Calculate the difference in time between each of the recent earthquakes in Northern California.

source="eqs7day-M1.csv" Region="Northern California" | delta _time AS timeDeltaS p=1 | eval timeDeltaS=abs(timeDeltaS) | eval timeDelta=tostring(timeDeltaS,"duration")

This example searches for earthquakes in Northern California (Region="Northern California"). Then it uses the delta command to calculate the difference in the timestamps (_time) between each earthquake and the one immediately before it. This change in time is renamed timeDeltaS.

This example also uses the eval command and tostring() function to reformat timeDeltaS as HH:MM:SS, so that it is more readable: DeltaEx1.2.png

Here, you can see that: the difference between the first and second quake is almost 2 hours, the difference between the second and third is almost an hour later, etc.


Example 3

This example uses the sample dataset from the tutorial. Download the data set from this topic in the tutorial and follow the instructions to upload it to Splunk. Then, run this search using the time range, Other > Yesterday.

Calculate the difference in time between consecutive transactions.

sourcetype=access_* | transaction JSESSIONID clientip startswith="*signon*" endswith="purchase" | delta _time AS timeDelta p=1 | eval timeDelta=abs(timeDelta) | eval timeDelta=tostring(timeDelta,"duration")

This example groups events into transactions if they have the same values of JSESSIONID and clientip, defines an event as the beginning of the transaction if it contains the string "signon" and the last event of the transaction if it contains the string "purchase".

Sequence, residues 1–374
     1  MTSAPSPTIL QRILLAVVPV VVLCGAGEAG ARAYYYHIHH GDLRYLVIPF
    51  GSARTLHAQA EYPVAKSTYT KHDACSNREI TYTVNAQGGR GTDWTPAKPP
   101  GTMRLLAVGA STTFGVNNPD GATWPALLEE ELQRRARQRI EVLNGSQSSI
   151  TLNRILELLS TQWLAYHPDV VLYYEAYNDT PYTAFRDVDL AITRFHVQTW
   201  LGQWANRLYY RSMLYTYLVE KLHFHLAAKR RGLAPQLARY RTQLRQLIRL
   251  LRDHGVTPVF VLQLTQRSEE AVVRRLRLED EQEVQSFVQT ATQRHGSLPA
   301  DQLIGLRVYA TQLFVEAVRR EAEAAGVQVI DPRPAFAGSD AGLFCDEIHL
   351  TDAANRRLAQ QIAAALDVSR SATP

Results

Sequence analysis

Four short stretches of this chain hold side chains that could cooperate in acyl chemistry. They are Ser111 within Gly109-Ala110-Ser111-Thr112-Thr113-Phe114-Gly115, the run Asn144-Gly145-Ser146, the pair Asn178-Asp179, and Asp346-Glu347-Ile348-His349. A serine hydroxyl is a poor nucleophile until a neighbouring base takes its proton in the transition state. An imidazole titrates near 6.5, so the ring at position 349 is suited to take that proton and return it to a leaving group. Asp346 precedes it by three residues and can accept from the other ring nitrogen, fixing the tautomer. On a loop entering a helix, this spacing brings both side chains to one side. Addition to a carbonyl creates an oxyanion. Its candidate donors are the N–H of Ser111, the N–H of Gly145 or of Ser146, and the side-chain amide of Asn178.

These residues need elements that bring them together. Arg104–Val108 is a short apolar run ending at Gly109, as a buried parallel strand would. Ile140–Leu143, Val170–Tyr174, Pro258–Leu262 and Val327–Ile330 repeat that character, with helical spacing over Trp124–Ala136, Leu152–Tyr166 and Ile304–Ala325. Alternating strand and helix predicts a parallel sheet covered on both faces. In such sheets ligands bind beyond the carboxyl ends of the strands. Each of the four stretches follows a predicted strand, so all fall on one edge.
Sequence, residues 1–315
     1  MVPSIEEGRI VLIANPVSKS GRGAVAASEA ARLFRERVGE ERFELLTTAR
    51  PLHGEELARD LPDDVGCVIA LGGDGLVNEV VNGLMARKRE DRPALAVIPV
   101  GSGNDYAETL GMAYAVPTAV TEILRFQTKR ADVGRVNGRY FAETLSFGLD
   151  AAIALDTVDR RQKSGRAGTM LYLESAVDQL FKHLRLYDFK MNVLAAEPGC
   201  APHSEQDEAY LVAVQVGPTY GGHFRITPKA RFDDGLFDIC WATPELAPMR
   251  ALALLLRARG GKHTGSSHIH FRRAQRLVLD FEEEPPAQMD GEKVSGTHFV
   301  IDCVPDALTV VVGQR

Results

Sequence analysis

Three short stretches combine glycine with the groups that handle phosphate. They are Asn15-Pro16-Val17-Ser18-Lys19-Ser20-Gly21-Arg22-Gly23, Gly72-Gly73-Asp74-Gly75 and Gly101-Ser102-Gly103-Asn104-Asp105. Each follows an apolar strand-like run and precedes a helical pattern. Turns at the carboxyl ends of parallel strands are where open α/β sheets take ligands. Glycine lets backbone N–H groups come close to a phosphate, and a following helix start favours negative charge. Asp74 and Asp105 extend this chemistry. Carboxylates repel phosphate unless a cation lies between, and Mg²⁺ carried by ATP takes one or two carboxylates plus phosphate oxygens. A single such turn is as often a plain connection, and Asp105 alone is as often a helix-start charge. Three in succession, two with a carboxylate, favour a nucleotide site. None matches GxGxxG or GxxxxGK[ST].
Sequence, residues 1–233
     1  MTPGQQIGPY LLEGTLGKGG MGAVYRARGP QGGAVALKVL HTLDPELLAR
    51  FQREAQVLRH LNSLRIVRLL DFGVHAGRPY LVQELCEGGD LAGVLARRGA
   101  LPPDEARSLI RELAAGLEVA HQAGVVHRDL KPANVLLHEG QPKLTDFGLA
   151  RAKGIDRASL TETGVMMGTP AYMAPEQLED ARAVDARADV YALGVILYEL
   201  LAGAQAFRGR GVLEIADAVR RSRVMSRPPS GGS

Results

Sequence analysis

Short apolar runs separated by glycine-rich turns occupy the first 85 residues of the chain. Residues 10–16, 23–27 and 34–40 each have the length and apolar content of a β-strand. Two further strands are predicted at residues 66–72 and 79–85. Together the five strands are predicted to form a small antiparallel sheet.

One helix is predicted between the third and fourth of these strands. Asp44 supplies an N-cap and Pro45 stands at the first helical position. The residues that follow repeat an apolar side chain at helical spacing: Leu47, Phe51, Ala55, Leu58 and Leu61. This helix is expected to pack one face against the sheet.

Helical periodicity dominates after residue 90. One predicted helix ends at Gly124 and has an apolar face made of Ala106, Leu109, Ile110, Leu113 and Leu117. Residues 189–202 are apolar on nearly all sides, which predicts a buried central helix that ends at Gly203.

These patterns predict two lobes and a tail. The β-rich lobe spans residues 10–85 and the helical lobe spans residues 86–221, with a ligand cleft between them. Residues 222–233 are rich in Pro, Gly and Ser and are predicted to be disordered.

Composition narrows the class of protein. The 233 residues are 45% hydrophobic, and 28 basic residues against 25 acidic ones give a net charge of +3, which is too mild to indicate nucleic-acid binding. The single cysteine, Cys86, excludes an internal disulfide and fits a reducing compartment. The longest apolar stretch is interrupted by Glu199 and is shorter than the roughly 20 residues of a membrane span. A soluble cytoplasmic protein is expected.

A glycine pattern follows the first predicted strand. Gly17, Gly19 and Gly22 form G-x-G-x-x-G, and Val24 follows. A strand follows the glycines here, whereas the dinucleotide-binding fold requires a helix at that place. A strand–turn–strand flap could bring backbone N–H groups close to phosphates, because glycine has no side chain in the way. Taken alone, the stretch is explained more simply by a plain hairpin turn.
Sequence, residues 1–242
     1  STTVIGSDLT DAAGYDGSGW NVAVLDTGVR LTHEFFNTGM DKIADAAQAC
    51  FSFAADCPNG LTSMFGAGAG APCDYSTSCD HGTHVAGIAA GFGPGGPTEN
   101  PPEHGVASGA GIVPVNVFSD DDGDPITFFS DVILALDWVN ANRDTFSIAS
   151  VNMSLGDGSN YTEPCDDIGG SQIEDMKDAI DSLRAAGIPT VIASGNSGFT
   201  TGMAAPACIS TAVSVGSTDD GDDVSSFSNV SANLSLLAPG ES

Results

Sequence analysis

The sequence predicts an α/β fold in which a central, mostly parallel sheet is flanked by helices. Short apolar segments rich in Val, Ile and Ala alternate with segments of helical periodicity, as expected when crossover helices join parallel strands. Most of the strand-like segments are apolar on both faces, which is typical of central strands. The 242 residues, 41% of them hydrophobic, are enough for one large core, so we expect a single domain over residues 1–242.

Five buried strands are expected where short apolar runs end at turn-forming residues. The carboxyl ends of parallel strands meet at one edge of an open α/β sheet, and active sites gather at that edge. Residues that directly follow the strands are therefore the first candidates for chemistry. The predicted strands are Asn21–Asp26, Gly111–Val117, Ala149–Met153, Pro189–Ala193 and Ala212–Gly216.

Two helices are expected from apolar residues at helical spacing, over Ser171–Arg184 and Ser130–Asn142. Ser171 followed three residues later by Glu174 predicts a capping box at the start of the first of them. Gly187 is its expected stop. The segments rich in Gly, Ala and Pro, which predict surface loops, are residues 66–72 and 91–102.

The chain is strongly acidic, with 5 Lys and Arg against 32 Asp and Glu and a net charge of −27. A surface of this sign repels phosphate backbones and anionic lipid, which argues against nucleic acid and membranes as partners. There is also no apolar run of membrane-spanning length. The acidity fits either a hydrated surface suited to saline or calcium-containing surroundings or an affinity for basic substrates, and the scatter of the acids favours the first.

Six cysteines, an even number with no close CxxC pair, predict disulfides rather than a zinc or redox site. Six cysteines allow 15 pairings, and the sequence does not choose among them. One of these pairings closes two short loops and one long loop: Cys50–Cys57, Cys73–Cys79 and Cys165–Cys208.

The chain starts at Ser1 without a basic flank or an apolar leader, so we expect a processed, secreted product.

The transactions are then piped into the delta command, which uses the _time field to calculate the time between one transaction and the transaction immediately preceding it. The search renames this change in time as timeDelta.

This example also uses eval command to redefine timeDelta as its absolute value (abs(timeDelta)) and convert it to a more readable string format with the tostring() function. DeltaEx3.png

You can see that: the difference between the first and second transactions is 9 minutes 19 seconds, the difference between the second and third transaction is 9 minutes 40 seconds, etc.


More examples

Example 1: Compute the difference between current value of count and the 3rd previous value of count and store the result in 'delta(count)'

... | delta count p=3

Example 2: For each event where 'count' exists, compute the difference between count and its previous value and store the result in 'countdiff'.

... | delta count AS countdiff

See also

accum, autoregress, streamstats, trendline

Answers

Have questions? Visit Splunk Answers and see what questions and answers the Splunk community has using the delta command.

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This documentation applies to the following versions of Splunk® Enterprise: 4.3, 4.3.1, 4.3.2, 4.3.3, 4.3.4, 4.3.5, 4.3.6, 4.3.7